If your application is accepted, the process is “blind” from then-on out. Auditioners play from behind a curtain for a panel consisting of players from many sections in the orchestra. “If there’s a violinist who doesn’t like your sound, you’re out,” Trujillo reports. They go through several blind rounds, narrowing “about 100” auditioners down to 40, down to five, then down to two, before finally taking down the curtain and making their decision.
The worst part of all this is that there’s definitely no “entry level” tubist position. While a promising but inexperienced clarinettist with room to grow sometimes wins the fourth chair in an orchestra over a more seasoned professional, and then ascends the ranks to principal chair, the only tuba chair is the principal tuba chair. A top-tier tubist, sometimes one who already holds a chair and wants to graduate to a better-funded orchestra, almost always gets the spot.
This process might be why social change in the tuba world has been so glacial. Even though women have been principal chairs in major American symphony orchestras since the 1920s, the first female tubist in a major American symphony orchestra was Carol Jantsch in 2006.
The other side of the tuba coin is that while symphony orchestras only need one tubist, middle school orchestras need one tubist. So, even though the ultimate career opportunities are extremely limited, the mouth of the funnel is wide, and the stream is constant. Despite this general glut of labor in the professional market, thousands of students are recruited to tuba every year in schools across America.
Yes, there are more kids in every section of every middle orchestra than the classical music world can support, professionally. But it’s rare that a middle school orchestral section is kept in such steady proportion to professional ensembles. Some school orchestras, some years, get by with smaller-than-standard viola sections, or bassoon sections, or trombone sections. Every school orchestra feels pressure to have a full tuba section (i.e. one tubist), every year.
And many of the players in these other sections are afforded the luxury of hiding behind other, more skilled and dedicated players (the author, once a nominal violinist, knows from experience.)
But a student tubist has nowhere to hide. They either have to take it seriously and get up to snuff, or they drop out. This, in the immediate, is good because all of the out-of-work, conservatory-trained tubists out there seem to sustain themselves by tutoring middle schoolers and high schoolers. It might prove problematic in the long term, if a long-time tutor finally gets an audition and ends up competing with dozens of his former tuttees.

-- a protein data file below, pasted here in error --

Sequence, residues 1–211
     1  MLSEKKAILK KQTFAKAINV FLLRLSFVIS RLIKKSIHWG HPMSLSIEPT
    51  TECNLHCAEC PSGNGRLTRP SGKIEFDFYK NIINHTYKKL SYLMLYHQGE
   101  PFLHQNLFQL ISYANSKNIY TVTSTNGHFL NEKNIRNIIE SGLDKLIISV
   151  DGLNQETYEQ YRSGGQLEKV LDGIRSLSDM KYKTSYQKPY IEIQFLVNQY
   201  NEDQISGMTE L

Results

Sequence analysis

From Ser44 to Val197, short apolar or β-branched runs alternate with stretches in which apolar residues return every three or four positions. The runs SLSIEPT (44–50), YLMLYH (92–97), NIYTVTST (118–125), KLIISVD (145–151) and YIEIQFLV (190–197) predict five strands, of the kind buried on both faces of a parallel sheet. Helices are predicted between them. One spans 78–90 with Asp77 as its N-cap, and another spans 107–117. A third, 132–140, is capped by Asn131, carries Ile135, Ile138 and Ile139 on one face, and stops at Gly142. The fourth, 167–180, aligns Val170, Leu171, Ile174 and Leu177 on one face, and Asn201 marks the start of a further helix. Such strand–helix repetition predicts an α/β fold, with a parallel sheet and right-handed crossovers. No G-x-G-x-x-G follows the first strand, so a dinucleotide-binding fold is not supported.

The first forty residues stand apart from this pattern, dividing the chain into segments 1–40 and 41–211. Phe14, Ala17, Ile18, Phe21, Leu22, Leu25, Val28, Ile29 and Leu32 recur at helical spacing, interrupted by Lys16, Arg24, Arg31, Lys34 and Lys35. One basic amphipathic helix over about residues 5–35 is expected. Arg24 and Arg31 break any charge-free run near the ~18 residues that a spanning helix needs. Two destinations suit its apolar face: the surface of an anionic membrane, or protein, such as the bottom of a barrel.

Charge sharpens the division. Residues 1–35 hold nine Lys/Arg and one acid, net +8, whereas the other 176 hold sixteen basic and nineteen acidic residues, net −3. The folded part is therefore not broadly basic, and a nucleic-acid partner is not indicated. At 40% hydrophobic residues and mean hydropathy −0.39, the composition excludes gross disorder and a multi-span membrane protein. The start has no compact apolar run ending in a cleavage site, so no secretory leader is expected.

Some of these students, though nowhere near enough of them, are filtered out at the conservatory level. Certain schools, like the Curtis Institute of Music, only take one tuba student at a time. “That's because I don't believe in encouraging any more people in the business than there are already,” Curtis tuba instructor Paul Krzywicki has said. Not everybody has this philosophy. The San Francisco conservatory, for example, takes 45 violin students at a time, 1.5 times the number in a professional orchestra. It takes up to 5 tubists, or 5 times the number in a professional orchestra.
Hold it Tiger, Tuba Tiger
Experimental tuba composition by Øystein Baadsvik
“We're not unique in the ‘only one’ department,” Zach Van Pelt admits. Van Pelt, who also holds his doctorate in tuba performance, is currently a box office manager. “But I still feel tuba has it the hardest,” he says. He points out that those other instruments -- harp, piano, etc. -- can get other work comparatively easily, accompanying other musicians or solo. Heck, even string players play solo gigs, or in chamber groups. When was the last time you went to a wedding with a tuba soloist?
That might be changing, slowly. Dixieland jazz and Balkan-style brass are both enjoying a bit of a revival. Mardis Gras season are fat times for tubists across the country. As these genres influence popular music, tubists get called in to gig pop and rock shows. A few years ago in Los Angeles, the emerging popularity of Mexican “banda” music lead to a run of tuba-targeted thefts in local high schools (the tubist is usually the leader of a banda band). And the glut of talented tubists -- who have a tendency to evangelize their instrument -- may eventually spawn a new form of music, or a new trend in current classical music.